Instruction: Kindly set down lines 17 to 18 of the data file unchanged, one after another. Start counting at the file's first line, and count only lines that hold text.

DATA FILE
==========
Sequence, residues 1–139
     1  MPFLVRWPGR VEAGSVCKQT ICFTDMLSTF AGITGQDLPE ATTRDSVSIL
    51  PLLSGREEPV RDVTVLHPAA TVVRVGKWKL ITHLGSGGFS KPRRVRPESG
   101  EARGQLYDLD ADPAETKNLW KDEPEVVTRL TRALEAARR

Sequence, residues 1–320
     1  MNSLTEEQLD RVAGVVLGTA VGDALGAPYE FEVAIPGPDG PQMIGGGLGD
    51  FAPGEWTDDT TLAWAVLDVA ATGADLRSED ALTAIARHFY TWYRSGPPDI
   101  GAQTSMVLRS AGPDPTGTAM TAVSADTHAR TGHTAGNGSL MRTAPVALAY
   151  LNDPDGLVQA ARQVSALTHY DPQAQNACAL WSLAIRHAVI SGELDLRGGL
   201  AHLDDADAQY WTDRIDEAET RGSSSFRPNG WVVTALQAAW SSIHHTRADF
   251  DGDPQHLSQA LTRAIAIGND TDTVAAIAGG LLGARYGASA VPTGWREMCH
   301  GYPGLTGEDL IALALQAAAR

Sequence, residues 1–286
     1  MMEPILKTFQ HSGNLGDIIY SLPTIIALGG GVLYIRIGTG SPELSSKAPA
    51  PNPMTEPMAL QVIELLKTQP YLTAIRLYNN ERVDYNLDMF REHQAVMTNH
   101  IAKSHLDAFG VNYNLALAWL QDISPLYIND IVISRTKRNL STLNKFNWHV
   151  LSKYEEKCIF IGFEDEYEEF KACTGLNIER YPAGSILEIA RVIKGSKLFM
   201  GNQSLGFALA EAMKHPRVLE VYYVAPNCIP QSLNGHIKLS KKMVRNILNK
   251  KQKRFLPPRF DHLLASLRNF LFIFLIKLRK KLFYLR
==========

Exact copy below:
   151  LSKYEEKCIF IGFEDEYEEF KACTGLNIER YPAGSILEIA RVIKGSKLFM
   201  GNQSLGFALA EAMKHPRVLE VYYVAPNCIP QSLNGHIKLS KKMVRNILNK